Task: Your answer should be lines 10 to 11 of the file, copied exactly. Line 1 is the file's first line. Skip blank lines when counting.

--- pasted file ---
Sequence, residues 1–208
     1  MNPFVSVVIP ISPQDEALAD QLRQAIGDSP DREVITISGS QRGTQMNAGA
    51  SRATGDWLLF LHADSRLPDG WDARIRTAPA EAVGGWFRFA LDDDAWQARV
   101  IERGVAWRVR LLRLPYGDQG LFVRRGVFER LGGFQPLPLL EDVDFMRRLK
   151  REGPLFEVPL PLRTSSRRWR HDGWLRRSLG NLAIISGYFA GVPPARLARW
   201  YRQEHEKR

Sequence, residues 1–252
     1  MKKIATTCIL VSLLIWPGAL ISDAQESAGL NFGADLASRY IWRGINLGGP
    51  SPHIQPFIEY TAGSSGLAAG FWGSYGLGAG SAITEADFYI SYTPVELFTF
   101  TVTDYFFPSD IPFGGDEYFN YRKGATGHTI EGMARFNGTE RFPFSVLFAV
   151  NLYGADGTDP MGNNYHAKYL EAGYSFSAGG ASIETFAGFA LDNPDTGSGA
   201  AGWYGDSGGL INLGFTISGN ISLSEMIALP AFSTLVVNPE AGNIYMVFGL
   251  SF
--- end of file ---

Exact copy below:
   101  TVTDYFFPSD IPFGGDEYFN YRKGATGHTI EGMARFNGTE RFPFSVLFAV
   151  NLYGADGTDP MGNNYHAKYL EAGYSFSAGG ASIETFAGFA LDNPDTGSGA